Principles and Practice of Naval and Military Courts Martial: With an Appendix Illustrative of the Subject, Volume 1

Front Cover
 

What people are saying - Write a review

We haven't found any reviews in the usual places.

Other editions - View all

Common terms and phrases

Popular passages

Page 185 - An Act to explain and amend an act made in the twenty-second year of the reign of His late Majesty King George the Second, intituled, ' An Act for amending, explaining, and reducing into one Act of Parliament the laws relating to the government of His Majesty's ships, vessels, and forces by sea...
Page 107 - The necessity of order and discipline in an army is the only thing which can give it countenance, and therefore it ought not to be permitted in time of peace, when the King's Courts are open for all persons to receive justice according to the laws of the land.
Page 288 - ART. 6. Any officer or soldier who shall behave himself with contempt or disrespect towards his commanding officer, shall be punished according to the nature of his offence, by the judgment of a court martial.
Page 118 - Even their debts are subject to inquiry by a military authority. Every species of offence committed by any person who appertains to the army is tried, not by a civil judicature, but by the judicature of the regiment or corps to which he belongs.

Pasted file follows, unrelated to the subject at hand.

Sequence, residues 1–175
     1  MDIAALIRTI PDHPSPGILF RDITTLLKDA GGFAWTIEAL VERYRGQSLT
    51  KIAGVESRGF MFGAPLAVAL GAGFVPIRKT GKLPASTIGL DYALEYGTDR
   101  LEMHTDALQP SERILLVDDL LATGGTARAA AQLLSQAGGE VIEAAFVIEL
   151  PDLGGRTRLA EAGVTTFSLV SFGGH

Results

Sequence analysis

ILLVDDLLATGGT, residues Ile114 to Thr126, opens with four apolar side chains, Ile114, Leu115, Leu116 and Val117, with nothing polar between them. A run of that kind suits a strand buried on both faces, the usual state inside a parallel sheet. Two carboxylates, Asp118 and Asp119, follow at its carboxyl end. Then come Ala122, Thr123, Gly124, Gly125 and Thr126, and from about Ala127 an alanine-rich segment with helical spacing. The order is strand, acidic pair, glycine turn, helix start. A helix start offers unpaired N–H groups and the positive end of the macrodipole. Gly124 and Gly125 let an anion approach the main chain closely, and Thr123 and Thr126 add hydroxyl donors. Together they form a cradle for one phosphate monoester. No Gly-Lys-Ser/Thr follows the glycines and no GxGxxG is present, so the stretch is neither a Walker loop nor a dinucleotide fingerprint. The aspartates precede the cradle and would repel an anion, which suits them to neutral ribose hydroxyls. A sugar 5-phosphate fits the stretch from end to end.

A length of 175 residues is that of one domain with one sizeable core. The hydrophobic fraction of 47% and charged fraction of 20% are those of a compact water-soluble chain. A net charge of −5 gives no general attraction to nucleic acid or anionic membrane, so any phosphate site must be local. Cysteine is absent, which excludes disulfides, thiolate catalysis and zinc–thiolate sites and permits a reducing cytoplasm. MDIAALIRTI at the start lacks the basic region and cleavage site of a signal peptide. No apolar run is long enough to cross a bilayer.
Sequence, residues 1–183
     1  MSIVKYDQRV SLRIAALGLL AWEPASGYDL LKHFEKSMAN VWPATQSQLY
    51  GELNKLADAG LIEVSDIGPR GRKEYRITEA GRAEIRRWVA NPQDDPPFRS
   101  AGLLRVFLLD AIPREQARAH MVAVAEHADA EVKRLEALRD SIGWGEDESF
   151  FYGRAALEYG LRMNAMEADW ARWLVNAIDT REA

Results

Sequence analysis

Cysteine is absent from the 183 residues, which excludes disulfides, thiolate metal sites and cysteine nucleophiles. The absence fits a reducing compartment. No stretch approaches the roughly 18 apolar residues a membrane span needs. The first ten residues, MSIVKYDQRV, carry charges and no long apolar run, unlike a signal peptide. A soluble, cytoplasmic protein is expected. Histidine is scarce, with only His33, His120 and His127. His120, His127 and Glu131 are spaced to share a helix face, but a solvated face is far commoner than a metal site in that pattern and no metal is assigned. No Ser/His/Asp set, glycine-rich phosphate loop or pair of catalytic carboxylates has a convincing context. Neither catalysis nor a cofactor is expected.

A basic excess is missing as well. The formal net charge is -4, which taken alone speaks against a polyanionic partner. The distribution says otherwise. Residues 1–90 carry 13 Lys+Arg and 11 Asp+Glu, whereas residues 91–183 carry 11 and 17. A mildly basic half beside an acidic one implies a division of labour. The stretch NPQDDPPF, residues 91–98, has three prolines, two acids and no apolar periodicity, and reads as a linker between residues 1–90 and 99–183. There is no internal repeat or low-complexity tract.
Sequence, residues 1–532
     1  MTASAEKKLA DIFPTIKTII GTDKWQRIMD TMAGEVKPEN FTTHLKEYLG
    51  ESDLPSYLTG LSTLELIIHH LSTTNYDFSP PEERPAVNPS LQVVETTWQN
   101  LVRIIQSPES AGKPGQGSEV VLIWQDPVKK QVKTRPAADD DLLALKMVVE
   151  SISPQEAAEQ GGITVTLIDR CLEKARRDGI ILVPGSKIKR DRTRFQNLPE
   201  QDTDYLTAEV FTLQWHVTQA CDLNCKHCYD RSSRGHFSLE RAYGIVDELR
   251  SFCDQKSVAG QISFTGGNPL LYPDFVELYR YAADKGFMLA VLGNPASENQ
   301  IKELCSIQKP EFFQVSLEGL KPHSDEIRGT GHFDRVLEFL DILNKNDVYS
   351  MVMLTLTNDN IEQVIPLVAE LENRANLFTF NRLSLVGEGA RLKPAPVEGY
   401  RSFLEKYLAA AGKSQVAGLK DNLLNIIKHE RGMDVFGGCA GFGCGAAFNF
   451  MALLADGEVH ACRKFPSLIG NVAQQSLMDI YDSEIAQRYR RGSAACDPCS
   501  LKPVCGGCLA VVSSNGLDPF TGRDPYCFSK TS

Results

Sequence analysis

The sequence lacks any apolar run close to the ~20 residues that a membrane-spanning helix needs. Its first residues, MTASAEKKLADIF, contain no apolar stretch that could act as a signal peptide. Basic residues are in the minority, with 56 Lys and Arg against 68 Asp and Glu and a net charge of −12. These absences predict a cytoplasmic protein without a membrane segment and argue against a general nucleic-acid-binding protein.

Page 7 - ... their own private wills to the will of one man, or of one or more...
Page 156 - ... rules and articles,) are to be taken cognizance of by a general or regimental court-martial, according to the nature and degree of the offence, and to be punished at their discretion.
Page 65 - Where a man finds another in the act of adultery with his wife, and kills him or her in the first transport of passion...
Page 307 - Every person in the fleet, who through cowardice, negligence, or disaffection, shall in time of action withdraw or keep back, or not come into the fight or engagement, or shall not do his utmost to take or destroy every ship which it shall be his duty to engage, and to assist and relieve...
Page 86 - It is true that rape is a most detestable crime, and therefore ought severely and impartially to be punished with death; but it must be remembered that it is an accusation easily to be made and hard to be proved and harder to be defended by the party accused, though never so innocent.
Page 326 - By the Commissioners for executing the Office of Lord " High Admiral of Great Britain and Ireland, &c.

Bibliographic information